I've been meaning to collect my impressions of the different blogging systems I've tried for a while now, but I've never seemed to get around to it. But today via Daring Fireball I noticed a little post from Joe Trotter that neatly sums up my conclusions and the reason why I've stuck with Movable Type. So now's as good a time as any to quickly throw in my two cents.

I wouldn't go so far as to say that "I hate Wordpress," and Gruber's response is correct, we shouldn't confuse templates with blogging systems. You could undoubtedly make just about any site in just about any of the top blogging systems currently in use. But just because you can do something doesn't mean that your experience doing it will be pleasant. The key observation is in Trotter's final paragraph:

I think the problem is that Wordpress themes (and to a greater extent the entire system) are so designed that modifications stick out like a sore thumb - the themes never strike a good balance between flexibility and aesthetics. I’m thinking more and more to switch to Movable Type. The cachet of Wordpress just doesn’t appeal to me anymore.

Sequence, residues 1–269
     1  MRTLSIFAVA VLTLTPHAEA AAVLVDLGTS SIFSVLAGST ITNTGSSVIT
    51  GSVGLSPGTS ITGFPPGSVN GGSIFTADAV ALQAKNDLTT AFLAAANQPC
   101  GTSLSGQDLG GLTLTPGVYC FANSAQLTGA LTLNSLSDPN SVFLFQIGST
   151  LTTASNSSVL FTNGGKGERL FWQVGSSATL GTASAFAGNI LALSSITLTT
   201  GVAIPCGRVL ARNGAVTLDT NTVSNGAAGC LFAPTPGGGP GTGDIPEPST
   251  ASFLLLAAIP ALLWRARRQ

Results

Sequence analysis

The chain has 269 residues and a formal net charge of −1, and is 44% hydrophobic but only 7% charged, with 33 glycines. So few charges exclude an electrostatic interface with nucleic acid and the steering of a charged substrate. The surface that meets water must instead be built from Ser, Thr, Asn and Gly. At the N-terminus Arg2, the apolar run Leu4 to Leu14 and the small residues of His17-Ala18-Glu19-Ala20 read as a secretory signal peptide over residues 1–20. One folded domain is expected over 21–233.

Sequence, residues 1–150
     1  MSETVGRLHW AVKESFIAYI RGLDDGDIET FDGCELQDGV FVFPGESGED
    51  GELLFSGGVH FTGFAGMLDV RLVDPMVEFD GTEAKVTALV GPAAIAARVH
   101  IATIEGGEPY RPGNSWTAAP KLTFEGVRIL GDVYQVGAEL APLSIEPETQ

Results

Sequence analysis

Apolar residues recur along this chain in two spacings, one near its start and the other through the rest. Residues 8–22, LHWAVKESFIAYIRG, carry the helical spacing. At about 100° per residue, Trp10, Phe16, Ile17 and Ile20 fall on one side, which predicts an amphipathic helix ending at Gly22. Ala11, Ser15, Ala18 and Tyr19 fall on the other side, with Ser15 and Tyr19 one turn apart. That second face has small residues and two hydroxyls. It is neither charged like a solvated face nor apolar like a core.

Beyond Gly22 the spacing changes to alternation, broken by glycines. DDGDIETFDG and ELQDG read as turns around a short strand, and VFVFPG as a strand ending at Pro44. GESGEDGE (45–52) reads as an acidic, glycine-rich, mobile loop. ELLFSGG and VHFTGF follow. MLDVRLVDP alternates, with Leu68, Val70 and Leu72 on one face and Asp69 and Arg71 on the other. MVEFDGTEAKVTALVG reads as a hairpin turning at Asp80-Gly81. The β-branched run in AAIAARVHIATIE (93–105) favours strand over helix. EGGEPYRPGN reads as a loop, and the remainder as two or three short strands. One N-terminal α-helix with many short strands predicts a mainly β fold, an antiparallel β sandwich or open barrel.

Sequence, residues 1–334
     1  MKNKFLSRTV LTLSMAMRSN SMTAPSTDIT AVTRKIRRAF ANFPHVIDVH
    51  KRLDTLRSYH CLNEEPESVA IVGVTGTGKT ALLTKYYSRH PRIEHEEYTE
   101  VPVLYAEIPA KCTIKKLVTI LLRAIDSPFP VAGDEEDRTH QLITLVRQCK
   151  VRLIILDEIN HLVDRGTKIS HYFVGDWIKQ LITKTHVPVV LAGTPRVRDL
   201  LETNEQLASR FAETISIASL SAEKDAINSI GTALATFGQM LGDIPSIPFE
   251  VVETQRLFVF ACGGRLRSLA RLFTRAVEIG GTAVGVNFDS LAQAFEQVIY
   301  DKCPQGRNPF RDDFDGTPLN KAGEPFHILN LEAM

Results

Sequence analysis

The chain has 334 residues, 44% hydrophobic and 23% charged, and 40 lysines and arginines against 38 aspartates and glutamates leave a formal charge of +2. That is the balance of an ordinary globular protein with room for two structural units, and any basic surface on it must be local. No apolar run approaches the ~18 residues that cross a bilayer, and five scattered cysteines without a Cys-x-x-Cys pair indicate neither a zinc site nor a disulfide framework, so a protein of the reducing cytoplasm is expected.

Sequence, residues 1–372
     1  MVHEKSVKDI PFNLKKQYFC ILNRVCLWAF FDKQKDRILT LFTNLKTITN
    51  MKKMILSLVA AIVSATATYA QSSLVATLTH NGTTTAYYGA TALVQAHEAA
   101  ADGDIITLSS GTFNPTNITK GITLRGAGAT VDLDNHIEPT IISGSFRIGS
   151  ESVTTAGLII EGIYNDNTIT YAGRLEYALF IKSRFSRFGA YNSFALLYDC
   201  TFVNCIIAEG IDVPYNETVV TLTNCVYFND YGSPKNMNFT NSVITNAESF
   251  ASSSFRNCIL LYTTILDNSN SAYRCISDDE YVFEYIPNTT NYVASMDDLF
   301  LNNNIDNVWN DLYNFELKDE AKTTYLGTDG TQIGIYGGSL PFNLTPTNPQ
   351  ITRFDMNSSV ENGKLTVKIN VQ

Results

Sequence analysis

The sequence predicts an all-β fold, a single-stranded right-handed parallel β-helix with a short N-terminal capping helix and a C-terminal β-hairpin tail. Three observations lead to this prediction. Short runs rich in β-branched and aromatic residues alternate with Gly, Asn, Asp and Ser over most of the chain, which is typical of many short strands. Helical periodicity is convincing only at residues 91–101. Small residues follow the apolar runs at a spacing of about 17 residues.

Of course if you are a skilled Wordpress template designer you can make beautiful completely original or tastefully modified templates, but it isn't what Wordpress is good at. What's made Wordpress so popular -- and what has, in part, made Movable Type less popular in contrast -- is that Wordpress makes it very easy to do single click design changes. Whether or not this was inevitable, that (among other things) has made it conversely more complicated to implement templates yourself and encourages (though it doesn't demand) even original templates to conform to a certain "Wordpress way of thinking."